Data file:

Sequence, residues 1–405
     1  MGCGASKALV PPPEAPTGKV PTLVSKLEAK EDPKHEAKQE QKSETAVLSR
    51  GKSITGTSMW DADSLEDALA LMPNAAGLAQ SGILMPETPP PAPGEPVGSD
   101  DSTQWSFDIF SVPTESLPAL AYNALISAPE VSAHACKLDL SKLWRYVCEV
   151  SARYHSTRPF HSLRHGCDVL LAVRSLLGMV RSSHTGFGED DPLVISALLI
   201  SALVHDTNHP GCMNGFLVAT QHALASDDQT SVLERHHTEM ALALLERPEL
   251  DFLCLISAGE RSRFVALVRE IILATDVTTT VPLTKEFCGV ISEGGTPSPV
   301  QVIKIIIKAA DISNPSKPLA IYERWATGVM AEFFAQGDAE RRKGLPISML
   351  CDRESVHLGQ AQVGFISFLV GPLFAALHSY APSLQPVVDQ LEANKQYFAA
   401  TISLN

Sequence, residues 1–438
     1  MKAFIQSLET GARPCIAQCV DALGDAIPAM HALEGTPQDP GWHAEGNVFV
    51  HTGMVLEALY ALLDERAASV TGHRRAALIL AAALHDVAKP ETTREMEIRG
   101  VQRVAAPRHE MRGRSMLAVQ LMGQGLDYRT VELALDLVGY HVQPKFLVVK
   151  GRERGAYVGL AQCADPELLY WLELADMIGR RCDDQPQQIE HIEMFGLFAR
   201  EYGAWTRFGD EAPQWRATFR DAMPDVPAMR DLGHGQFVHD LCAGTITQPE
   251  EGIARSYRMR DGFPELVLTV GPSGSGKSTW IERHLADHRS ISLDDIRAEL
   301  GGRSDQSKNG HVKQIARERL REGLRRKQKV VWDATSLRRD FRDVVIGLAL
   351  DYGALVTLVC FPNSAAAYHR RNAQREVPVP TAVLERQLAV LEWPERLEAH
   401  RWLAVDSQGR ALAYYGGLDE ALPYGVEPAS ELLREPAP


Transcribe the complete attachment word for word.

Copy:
Sequence, residues 1–405
     1  MGCGASKALV PPPEAPTGKV PTLVSKLEAK EDPKHEAKQE QKSETAVLSR
    51  GKSITGTSMW DADSLEDALA LMPNAAGLAQ SGILMPETPP PAPGEPVGSD
   101  DSTQWSFDIF SVPTESLPAL AYNALISAPE VSAHACKLDL SKLWRYVCEV
   151  SARYHSTRPF HSLRHGCDVL LAVRSLLGMV RSSHTGFGED DPLVISALLI
   201  SALVHDTNHP GCMNGFLVAT QHALASDDQT SVLERHHTEM ALALLERPEL
   251  DFLCLISAGE RSRFVALVRE IILATDVTTT VPLTKEFCGV ISEGGTPSPV
   301  QVIKIIIKAA DISNPSKPLA IYERWATGVM AEFFAQGDAE RRKGLPISML
   351  CDRESVHLGQ AQVGFISFLV GPLFAALHSY APSLQPVVDQ LEANKQYFAA
   401  TISLN

Sequence, residues 1–438
     1  MKAFIQSLET GARPCIAQCV DALGDAIPAM HALEGTPQDP GWHAEGNVFV
    51  HTGMVLEALY ALLDERAASV TGHRRAALIL AAALHDVAKP ETTREMEIRG
   101  VQRVAAPRHE MRGRSMLAVQ LMGQGLDYRT VELALDLVGY HVQPKFLVVK
   151  GRERGAYVGL AQCADPELLY WLELADMIGR RCDDQPQQIE HIEMFGLFAR
   201  EYGAWTRFGD EAPQWRATFR DAMPDVPAMR DLGHGQFVHD LCAGTITQPE
   251  EGIARSYRMR DGFPELVLTV GPSGSGKSTW IERHLADHRS ISLDDIRAEL
   301  GGRSDQSKNG HVKQIARERL REGLRRKQKV VWDATSLRRD FRDVVIGLAL
   351  DYGALVTLVC FPNSAAAYHR RNAQREVPVP TAVLERQLAV LEWPERLEAH
   401  RWLAVDSQGR ALAYYGGLDE ALPYGVEPAS ELLREPAP